Plasmid pSom7 Δ2Δ4, as previously prepared in Part IV, could be manipulated to provide a second component for a system capable of receiving a wide variety of heterologous structural genes. With reference to FIG. 13, the plasmid was subjected to partial EcoRI digestion (see Part IV) followed by Pst digestion and fragment 51 containing the trp promoter/operator was isolated by the PAGE procedure followed by electroelution. Partial EcoRI digestion was necessary to obtain a fragment which was cleaved adjacent to the 5′ end of the somatostatin gene but not cleaved at the EcoRI site present between the ampicillin resistance gene and the trp promoter operator. Ampicillin resistance lost by the Pst I cut in the apR gene could be restored upon ligation with fragment 51.
In a first demonstration the third component, a structural gene for thymosis alpha-one was obtained by EcoRI and BamHI digestion of plasmid pThα1. The fragment, 52, was purified by PAGE and electroelution.
The three gene fragments 49, 51 and 52 could now be ligated together in proper orientation, as depicted in FIG. 13, to form the plasmid pThα7Δ1Δ4, which could be selected by reason of the restoration of ampicillin and tetracycline resistance. The plasmid, when transformed into E. coli strain 294 and grown up under conditions like those described in Part I, expressed a trp LE′ polypeptide fusion protein from which thymosin alpha one could be specifically cleaved by cyanogen bromide treatment. When other heterologous structural genes having EcoRI and BamHI termini were similarly ligated with the pHKY10-derived and pSOM7 Δ2Δ4-derived components, trp LE′ polypeptide fusion proteins containing the polypeptides for which those heterologous genes code were likewise efficiently obtained. FIG. 11 illustrates an SDS polyacrylamide gel electrophoresis separation of total cellular protein from E. coli strain 294 transformants, the darkest band in each case representng the fusion protein product produced under control of the tryptophan promoter-operator system. In FIG. 11, Lane 1 is a control which segregates total cellular protein from E. coli 294/pBR322. Lane 2 contains the somatostatin fusion product from plasmid pSom7 Δ2Δ4 prepared in Part IV. Lane 3 is the somatostatin-containing expression product of pSom7 Δ1Δ4. Lane 4 contains the expression product of pThα7Δ1Δ4, whereas Lane 5 contains the product expressed from a plasmid obtained when the pHKY-10-derived and pSom7 Δ2Δ4-derived fragments discussed above were ligated with an EcoRI/BamHI terminated structural gene encoding human proinsulin and prepared in part by certain of us. Lanes 6 and 7 respectively contain, as the darkest band, a trp LE′ polypeptide fusion protein from which can be cleaved the B and A chain of human insulin. The insulin B and A structural genes were obtained by EcoRI and BamHI digestion of plasmids pIB1 and pIA11 respectively, whose construction is disclosed in D. V. Goeddel et al., Proc Nat'l Acad Sci USA 76, 106 . Lane 8 contains size markers, as before.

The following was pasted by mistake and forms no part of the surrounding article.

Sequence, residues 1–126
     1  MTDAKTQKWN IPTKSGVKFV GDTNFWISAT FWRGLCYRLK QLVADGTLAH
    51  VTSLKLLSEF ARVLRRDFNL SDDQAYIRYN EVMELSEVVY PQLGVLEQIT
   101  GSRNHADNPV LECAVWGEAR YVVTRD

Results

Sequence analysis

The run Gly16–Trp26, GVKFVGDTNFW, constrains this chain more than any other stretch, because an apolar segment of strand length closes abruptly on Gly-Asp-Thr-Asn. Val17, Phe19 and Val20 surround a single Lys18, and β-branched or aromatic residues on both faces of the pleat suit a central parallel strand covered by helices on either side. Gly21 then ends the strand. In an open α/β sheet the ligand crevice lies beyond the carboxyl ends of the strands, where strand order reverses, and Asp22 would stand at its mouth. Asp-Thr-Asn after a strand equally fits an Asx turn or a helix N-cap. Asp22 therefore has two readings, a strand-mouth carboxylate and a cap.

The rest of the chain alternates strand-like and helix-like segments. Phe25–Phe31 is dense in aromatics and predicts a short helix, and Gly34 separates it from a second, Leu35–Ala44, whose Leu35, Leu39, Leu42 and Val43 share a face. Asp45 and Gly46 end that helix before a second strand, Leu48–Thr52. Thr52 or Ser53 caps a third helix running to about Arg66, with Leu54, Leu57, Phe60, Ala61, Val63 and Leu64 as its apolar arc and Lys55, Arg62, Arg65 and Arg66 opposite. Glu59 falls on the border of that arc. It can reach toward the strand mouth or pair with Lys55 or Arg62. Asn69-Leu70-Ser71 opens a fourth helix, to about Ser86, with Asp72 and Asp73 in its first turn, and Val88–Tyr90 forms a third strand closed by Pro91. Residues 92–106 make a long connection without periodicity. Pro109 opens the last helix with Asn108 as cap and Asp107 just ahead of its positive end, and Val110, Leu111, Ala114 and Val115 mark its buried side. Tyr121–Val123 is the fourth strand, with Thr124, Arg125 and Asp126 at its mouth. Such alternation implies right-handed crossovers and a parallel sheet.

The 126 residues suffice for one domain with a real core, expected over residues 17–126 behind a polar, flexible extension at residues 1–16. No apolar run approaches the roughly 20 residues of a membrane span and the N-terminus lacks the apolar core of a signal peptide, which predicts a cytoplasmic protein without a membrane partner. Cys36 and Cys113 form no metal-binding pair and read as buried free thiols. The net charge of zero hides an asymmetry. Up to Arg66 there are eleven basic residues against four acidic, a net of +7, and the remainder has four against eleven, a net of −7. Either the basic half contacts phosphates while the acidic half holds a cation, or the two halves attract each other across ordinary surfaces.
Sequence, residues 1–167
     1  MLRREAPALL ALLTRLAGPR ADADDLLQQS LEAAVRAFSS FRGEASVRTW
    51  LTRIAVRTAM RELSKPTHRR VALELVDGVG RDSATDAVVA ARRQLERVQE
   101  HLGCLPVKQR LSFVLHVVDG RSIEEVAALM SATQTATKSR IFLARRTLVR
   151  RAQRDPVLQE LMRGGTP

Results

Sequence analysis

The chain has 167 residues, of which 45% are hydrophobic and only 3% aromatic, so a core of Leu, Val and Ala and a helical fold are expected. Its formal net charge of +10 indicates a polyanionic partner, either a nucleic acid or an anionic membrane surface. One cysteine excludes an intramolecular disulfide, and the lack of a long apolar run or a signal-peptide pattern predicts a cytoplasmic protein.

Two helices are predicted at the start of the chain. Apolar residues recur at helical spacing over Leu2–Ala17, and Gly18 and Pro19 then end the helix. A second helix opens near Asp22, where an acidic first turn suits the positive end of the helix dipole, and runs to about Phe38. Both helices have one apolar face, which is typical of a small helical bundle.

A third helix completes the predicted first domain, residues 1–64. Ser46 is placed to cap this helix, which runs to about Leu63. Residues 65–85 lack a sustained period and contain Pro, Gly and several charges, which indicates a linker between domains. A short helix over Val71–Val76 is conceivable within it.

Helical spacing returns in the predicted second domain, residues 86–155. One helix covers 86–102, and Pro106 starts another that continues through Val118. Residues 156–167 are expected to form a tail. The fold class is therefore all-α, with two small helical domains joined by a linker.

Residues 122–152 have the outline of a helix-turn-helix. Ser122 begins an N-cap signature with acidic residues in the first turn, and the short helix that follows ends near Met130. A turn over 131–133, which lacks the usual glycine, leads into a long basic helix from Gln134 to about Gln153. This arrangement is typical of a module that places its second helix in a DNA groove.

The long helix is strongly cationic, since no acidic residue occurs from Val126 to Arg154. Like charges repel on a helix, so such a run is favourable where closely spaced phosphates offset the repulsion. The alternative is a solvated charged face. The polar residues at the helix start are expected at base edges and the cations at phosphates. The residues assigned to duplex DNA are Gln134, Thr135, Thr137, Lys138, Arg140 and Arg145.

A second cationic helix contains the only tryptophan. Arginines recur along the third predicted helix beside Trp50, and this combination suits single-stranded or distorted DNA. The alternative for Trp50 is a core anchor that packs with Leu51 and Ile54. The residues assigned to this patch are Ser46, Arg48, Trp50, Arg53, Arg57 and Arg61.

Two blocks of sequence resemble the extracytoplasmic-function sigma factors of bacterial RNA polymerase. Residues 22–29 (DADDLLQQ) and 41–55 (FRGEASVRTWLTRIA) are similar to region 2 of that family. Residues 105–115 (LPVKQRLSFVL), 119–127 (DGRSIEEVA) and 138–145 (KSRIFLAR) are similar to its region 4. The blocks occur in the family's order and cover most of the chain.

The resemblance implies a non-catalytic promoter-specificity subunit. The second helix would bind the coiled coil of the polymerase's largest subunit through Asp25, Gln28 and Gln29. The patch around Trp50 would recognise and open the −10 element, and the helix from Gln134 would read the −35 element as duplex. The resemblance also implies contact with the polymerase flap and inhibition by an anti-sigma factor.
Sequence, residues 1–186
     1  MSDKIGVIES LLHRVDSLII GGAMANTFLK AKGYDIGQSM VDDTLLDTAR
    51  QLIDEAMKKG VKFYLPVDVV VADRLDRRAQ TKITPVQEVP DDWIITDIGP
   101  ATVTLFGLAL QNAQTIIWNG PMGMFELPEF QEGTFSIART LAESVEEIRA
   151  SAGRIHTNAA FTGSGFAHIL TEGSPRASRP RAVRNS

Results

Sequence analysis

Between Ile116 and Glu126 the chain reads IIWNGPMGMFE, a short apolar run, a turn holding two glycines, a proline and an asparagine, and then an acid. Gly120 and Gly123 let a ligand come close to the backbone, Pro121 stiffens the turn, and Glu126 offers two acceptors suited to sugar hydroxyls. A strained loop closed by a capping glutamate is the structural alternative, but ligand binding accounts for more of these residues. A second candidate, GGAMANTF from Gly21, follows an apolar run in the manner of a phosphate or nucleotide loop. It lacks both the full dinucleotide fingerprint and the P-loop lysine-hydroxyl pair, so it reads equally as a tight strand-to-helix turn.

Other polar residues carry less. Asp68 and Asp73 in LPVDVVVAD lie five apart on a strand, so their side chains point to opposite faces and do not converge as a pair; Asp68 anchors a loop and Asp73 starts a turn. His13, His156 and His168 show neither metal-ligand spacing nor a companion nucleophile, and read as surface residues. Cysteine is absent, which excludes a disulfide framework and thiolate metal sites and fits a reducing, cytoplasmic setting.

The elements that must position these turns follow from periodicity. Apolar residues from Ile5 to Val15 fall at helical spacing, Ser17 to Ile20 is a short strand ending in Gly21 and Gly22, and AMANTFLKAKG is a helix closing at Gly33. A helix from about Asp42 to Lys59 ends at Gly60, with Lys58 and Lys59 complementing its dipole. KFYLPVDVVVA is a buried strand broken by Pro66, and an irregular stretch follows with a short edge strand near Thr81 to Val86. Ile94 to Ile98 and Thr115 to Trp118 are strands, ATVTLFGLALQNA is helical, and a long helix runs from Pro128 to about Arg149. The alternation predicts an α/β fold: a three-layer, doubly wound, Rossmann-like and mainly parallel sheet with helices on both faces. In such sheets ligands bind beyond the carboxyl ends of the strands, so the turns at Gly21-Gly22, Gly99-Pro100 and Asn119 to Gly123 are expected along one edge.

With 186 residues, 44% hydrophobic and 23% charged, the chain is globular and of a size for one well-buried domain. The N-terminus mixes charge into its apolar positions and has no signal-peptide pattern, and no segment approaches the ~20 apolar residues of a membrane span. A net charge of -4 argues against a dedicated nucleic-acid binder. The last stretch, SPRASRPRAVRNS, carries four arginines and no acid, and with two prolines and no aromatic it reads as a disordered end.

While the invention in its most preferred embodiment is described with reference to E. coli, other enterobacteriaceae could likewise serve as host cells for expression and as sources for trp operons, among which may be mentioned as examples Salmonella typhimurium and Serratia marcesans. Thus, the invention is not to be limited to the preferred embodiments described, but only by the lawful scope of the appended claims.